Wednesday, December 4, 2019

Steve Flowers: Inside the Statehouse - Race is on for the U.S. Senate

  We are less than three months away from the election for our number two U.S. Senate Seat. The winner of the Republican Primary on March 3, 2020 will be our next U.S. Senator. Winning the GOP primary for any statewide office in a presidential year is tantamount to election in the Heart of Dixie.

  Jeff Sessions is the prohibitive favorite to win back the seat he held for 20 years. He probably regretted from day one leaving a safe U.S. Senate Seat with 20 years of seniority and four years left on his term to take a temporary Attorney General appointment for, at best, a four-year tenure. It amazed me when he did it. Sessions and Trump were at odds from the beginning over Sessions’ recusal from the Russian collusion probe by the Democrats. Trumps’ disenchantment with Sessions was quite obvious and outspoken.

  Sessions was right, legally. However, Trump is very popular in Alabama among Republican voters. Therefore, Trump won the public relations battle over Sessions in Alabama. Trump’s tweets were harsh, bitter, and vitriolic. When Sessions was in this seat three years ago at this time, he was considered the most popular political figure in the state. He was damaged by the two years of constant bombardment and ridicule from the president. However, Sessions has a reservoir of support from having been a very popular Senator for two decades that will allow him to win back his seat.

  Sessions will lead the field in the March 3 primary. However, it is doubtful that he can win without a runoff. His late entry into the race allowed several elite, high profile candidates to begin a race for the senate seat. Most have been running vigorously for over a year. One of the early frontrunners, Secretary of State John Merrill - who probably has the best grassroots organization in the state - has opted out due to Sessions’ entry. At age 54, Merrill can wait. It is now or never for Roy Moore, Tommy Tuberville, and Bradley Byrne. Like Sessions, they are not spring chickens.   

  Current polling has Sessions at 30%. Former Auburn football coach, Tommy Tuberville, at 21%. First District Congressman Bradley Bryne at 14%, and former Alabama Supreme Court Chief Justice Roy Moore at 12%.

  However, a better barometer of the challengers is the amount of money they have raised and have on hand. Sessions has $2.5 million left over from his war chest when he was in this U.S. Senate seat. The candidate who is in the catbird’s seat to move up in the polls is Congressman Bradley Byrne, who is sitting on $2.5 million. Coach Tuberville is showing $1.4 million. However, $1 million is his money that he loaned to the campaign. Moore has $33,000.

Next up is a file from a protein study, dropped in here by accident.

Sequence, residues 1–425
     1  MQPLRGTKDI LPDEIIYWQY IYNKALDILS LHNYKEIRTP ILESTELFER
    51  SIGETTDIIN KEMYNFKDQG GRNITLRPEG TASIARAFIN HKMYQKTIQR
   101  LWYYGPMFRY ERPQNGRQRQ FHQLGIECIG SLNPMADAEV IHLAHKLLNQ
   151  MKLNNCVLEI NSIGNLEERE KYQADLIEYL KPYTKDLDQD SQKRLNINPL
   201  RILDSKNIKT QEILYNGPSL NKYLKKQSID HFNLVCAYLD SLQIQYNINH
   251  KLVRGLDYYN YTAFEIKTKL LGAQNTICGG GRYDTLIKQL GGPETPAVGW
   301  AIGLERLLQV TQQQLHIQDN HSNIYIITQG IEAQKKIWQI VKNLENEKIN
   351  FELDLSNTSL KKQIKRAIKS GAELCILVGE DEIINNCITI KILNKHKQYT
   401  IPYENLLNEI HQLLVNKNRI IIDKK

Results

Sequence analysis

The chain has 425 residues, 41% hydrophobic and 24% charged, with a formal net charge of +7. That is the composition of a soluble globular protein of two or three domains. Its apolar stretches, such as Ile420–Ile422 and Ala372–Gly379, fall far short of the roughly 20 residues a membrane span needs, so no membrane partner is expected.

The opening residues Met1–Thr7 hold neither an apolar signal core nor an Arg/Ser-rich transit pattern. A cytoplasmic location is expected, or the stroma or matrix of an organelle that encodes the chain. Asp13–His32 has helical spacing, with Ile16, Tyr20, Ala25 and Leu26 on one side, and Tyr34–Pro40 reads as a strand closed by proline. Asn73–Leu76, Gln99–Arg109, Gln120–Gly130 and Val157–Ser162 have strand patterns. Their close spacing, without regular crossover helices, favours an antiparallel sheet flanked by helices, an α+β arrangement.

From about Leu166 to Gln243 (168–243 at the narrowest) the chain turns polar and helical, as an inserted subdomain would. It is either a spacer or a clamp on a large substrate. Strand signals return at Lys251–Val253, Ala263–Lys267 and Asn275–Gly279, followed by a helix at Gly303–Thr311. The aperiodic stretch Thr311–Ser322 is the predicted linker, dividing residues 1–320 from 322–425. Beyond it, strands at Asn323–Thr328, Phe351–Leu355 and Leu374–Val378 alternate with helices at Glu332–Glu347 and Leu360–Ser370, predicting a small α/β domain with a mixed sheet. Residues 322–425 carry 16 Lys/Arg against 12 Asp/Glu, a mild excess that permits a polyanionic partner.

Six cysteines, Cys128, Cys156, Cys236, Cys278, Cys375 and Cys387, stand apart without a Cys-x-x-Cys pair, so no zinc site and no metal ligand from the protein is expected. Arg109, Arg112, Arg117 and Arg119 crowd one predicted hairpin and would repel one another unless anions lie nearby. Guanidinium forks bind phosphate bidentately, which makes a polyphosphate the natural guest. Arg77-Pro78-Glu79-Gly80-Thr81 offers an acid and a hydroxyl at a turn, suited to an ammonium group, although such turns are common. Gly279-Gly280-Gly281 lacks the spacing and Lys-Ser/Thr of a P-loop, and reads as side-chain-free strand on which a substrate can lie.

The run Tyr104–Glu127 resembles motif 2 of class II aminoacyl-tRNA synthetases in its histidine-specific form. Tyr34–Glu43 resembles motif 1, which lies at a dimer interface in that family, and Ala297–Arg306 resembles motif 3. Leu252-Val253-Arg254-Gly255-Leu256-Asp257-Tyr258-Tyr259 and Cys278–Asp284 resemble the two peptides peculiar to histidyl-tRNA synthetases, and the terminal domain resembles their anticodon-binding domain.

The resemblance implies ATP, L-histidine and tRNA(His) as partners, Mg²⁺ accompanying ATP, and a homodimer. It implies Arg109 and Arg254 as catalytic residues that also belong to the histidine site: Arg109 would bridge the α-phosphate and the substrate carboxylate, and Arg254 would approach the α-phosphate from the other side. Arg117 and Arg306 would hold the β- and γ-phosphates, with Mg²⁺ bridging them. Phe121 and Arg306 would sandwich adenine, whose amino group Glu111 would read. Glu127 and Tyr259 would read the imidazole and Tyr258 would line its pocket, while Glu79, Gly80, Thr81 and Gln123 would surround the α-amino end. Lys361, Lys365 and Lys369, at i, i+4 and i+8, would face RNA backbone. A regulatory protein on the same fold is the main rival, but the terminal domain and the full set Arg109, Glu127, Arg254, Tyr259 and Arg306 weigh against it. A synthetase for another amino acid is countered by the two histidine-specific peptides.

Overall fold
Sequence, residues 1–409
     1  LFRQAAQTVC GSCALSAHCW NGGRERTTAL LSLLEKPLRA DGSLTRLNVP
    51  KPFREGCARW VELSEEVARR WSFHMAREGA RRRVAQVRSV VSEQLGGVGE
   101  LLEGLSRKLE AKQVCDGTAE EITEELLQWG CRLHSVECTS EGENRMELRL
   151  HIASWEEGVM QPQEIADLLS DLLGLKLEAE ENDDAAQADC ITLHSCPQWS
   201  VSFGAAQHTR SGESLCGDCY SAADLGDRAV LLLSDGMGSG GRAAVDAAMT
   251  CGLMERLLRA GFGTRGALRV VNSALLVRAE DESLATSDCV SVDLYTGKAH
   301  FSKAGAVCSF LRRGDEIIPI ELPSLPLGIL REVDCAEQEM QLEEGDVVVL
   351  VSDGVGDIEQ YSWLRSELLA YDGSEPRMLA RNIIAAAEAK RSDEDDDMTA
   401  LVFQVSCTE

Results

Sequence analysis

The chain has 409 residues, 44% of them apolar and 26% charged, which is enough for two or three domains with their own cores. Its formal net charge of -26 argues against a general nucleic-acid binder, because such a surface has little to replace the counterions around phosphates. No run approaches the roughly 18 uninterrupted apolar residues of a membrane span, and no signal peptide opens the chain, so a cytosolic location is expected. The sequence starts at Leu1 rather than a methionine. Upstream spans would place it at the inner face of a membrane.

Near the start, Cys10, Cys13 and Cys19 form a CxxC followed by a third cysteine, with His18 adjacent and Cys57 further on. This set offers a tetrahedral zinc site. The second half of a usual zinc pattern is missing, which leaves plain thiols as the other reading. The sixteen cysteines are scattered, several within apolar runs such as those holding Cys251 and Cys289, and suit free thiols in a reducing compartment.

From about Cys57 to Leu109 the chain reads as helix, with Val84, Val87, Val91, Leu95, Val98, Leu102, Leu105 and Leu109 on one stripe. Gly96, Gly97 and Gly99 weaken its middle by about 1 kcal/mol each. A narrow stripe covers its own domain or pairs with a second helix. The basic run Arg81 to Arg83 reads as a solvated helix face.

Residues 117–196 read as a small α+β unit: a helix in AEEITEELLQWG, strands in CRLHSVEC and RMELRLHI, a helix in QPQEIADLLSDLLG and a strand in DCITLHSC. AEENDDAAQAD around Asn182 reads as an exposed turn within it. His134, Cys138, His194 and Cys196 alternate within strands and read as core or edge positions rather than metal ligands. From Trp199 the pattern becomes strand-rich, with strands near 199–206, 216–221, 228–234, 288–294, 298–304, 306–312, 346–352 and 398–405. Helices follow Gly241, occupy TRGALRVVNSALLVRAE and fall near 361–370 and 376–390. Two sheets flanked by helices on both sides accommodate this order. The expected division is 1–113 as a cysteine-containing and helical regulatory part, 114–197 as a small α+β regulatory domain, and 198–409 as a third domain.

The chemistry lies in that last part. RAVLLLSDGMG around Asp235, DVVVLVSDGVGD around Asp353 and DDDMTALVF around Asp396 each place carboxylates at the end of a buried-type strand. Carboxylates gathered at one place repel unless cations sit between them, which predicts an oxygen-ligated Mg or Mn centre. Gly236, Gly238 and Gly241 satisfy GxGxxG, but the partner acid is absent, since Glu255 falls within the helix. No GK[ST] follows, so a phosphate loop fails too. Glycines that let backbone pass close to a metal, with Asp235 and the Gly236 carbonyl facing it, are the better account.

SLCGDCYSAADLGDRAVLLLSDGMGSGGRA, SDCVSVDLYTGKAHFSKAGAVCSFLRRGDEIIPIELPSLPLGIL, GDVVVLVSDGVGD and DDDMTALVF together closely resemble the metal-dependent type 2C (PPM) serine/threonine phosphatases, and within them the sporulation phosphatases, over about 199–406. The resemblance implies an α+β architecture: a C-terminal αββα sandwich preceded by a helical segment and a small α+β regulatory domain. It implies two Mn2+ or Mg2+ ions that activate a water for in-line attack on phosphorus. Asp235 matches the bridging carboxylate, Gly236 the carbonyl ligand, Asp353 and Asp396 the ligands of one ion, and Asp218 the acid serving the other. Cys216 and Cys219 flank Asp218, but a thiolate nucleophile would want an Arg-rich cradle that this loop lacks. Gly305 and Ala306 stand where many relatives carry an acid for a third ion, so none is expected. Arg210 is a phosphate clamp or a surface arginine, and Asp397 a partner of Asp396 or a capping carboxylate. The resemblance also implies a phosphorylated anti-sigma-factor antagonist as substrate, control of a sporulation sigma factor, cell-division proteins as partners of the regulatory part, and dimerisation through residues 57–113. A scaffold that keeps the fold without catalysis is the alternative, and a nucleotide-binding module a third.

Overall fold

Money is the “mother’s milk” of politics. Money talks and everything else walks. It buys name identification and image building. Jeff Sessions can raise another $1 million or more in Washington. Bryne can add another $300,000 from Washington. Tuberville may have tapped out all of the Auburn football fan donations that he has already done well with. Moore will not raise much money. He really does not need to. He is going to get 12-15% come hell or high water. They are with him no matter if he decides to get out and campaign or stay home and ride his horse Sassy.

  My guess - or you can call it a prognostication - with three months out: Jeff Sessions spends $3 million and uses a message that he is still pro-Trump and was the first sitting U.S. Senator to endorse him and is prepared to diffuse any negative attacks reminding GOP Trump voters of the vitriolic tweets about him sent by the president. He leads the primary with about 39%.

  Judge Roy Moore gets his 13%. I’m afraid he may be running his last race and finishes a respectable fourth. About 3% go to the also-ran candidates. That leaves 45% of the vote for Tommy Tuberville and Bradley Byrne to fight over and hope to get into a runoff with Sessions. 

  This month will be downtime with very little mention of politics due to the holidays. The campaigns will kick into high gear by mid-January with the final week being the key to victory. Again, who has the money to spend in the final 10 days is critical.

  The bottom line is whichever Republican – Jeff Sessions, Tommy Tuberville, or Bradley Byrne – wins the GOP nomination, any one of them beat the Democrat Doug Jones. Alabama is a conservative Republican state.

  About the author: Steve Flowers is Alabama’s leading political columnist. His weekly column appears in over 60 Alabama newspapers. He served 16 years in the state legislature. Steve may be reached at He can also be found on Facebook and Twitter.

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